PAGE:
As we brace for winter’s grip, arctic winds and shortening days are speeding the departure of Snowbirds for the Sun Belt. To the south, warm temperatures and sunny skies beckon as we examine a sampling of southern destinations.
For many Snowbirds from Western Canada and the Pacific Northwest, winter means a migration to Arizona. The Grand Canyon State receives this attention due to its relatively close proximity and because the southern part of the state has a reputation for mild and dry winters. This doesn’t mean there will never be a cold day. The air can get a bit chilly, but cold snaps are usually of short duration. If you stay south of a line about 70 miles north of I-10, you will seldom be concerned with the temperature.
As a winter destination, there are few places more inviting than the Grand Canyon State.
Like many of the other western states, Arizona is a land of paradoxes. Deep canyons give way to rugged mountains. Ponderosa pine forests melt into arid deserts. Native American reservations dot a state with major metropolitan areas like Phoenix and Tucson. Oh, and did I mention the natural wonders scattered throughout the state?
Yes, Arizona has much to offer the RVing Snowbird.
Hollywood created perceptions for the movie-going public, and television continues to perpetuate them. Arizona has been portrayed as harsh, unfriendly terrain where John Wayne fought the Indians. Arizona was merely inhospitable desert—a land of sand dunes, tumbling tumbleweeds, and dry washes—between the Golden State and the Land of Enchantment.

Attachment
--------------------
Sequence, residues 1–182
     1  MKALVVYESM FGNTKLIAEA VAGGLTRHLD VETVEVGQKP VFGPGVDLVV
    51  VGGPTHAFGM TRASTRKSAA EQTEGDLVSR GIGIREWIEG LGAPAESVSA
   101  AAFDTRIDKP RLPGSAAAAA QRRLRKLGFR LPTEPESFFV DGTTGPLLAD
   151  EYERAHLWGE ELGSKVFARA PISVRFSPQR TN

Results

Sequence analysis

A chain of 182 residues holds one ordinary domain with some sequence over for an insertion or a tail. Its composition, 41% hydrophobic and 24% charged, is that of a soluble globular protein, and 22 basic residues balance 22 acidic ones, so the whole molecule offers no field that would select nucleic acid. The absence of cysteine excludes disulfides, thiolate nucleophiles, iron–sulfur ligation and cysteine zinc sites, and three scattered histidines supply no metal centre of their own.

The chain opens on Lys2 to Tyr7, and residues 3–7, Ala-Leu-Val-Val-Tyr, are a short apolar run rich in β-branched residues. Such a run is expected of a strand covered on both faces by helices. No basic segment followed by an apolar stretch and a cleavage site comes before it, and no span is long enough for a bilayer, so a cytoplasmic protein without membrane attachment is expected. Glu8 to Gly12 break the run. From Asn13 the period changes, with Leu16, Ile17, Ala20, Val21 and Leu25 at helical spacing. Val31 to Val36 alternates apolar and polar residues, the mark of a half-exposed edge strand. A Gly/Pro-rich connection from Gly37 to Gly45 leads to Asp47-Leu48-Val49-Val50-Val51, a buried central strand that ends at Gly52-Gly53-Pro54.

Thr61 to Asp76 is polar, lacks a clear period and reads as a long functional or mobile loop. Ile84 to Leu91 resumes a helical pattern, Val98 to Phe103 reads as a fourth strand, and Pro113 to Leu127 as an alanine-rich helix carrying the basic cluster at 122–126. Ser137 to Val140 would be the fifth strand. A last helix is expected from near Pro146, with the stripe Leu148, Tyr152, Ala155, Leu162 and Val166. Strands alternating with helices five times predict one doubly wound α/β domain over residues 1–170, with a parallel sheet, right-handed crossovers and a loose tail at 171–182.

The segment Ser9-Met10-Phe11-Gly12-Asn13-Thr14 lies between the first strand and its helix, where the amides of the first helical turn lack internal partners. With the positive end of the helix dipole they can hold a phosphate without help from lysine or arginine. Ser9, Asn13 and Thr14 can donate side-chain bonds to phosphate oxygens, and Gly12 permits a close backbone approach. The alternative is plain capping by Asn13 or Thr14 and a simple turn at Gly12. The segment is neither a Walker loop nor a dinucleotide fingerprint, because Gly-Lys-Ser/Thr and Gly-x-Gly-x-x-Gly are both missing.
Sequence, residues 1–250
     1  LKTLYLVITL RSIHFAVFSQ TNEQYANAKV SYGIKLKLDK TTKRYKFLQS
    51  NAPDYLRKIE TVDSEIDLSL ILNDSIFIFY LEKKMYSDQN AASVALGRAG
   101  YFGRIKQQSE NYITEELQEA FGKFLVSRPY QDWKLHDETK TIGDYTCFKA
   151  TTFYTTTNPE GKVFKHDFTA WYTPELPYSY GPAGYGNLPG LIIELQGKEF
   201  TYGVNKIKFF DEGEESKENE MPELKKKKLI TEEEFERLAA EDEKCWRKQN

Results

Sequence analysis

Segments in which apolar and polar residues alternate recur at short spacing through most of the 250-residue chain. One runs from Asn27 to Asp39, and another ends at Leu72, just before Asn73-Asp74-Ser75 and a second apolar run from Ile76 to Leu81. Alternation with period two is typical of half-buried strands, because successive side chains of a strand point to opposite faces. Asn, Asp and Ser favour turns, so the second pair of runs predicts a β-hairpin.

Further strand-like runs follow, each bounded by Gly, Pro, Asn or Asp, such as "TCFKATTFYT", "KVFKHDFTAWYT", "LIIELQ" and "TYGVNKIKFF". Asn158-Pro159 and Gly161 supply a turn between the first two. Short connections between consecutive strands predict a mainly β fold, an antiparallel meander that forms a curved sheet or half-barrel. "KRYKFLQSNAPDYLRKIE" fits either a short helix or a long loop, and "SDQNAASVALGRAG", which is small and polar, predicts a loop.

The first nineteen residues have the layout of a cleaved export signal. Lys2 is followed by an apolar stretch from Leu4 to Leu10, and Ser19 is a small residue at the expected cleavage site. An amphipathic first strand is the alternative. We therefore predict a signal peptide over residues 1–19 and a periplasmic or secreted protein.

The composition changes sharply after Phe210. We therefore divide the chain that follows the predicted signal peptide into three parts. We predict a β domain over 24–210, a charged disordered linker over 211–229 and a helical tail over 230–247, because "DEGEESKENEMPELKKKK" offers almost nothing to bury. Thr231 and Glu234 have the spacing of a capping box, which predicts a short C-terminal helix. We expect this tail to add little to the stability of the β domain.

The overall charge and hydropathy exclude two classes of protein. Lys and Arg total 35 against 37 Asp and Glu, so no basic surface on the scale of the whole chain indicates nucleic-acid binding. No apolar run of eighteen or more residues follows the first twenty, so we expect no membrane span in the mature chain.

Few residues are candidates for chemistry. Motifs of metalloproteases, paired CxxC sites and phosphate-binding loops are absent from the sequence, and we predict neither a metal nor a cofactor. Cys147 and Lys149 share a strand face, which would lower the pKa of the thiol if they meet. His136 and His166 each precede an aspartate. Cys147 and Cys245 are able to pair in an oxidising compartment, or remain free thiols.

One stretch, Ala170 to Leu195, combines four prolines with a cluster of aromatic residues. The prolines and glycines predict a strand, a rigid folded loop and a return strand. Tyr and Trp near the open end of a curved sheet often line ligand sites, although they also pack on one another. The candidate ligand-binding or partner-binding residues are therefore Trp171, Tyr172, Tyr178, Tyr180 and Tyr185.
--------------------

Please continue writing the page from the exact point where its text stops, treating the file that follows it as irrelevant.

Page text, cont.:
My perception was little different when we first visited the state over twenty years ago. My initial reaction: How can anyone live in this dry God-forsaken wilderness?
Within days we fell in love with the Sonoran Desert and have since returned a dozen times, often in spring to witness the wildflowers as they flood the desert floor with broad swaths of yellow, green, and violet.
Arizona is a Snowbird destination like no other. From eroded red rock formations to large urban centers, from the Grand Canyon’s stunning vistas to small mountain towns, from Old West legends to Native American and Mexican culture, and from professional sporting events to world-class golf—Arizona has it all!
Along Arizona’s southernmost region lies the 91,000-acre Saguaro National Park. Here visitors get a firsthand look at the well-preserved Sonoran Desert, a vast expanse that takes up much of Arizona’s southern region. The rolling hills are covered with Saguaro cacti (Arizona’s official state flower), as well as a wide variety of other cacti, desert shrubs, and animals unique to the desert southwest.
Several hours to the southeast, unique rock formations and unusual landscapes can be explored at the Chiricahua National Monument. Eons ago, lava flows covered the region, creating a dense layer of lava rock. Over the years the rocks began to crack and wither away with moisture. The result is truly spectacular—startling rock formations that today make up the Chiricahua Mountains.
Along the state’s southern border lies Organ Pipe Cactus National Monument which marks the northern range of its namesake. Amid the saguaro, ocotillo, cholla, and over 20 other cactus species, the organ pipes complete the desert landscape, like the firs that dot the Ponderosa forest in Arizona’s High Country.
And no trip to Arizona would be complete without a stop at Lake Havasu, with its more than 45 miles of shoreline. Here water enthusiasts of all kinds—canoeists, skiers, boaters, and anglers—bask in the area’s more than 300 days of sunshine per year.
To be continued tomorrow…
Newcomers to Arizona are often struck by Desert Fever.
Desert Fever is caused by the spectacular natural beauty and serenity of the area.
Early symptoms include a burning desire to make plans for the next trip “south”.
There is no apparent cure for snowbirds.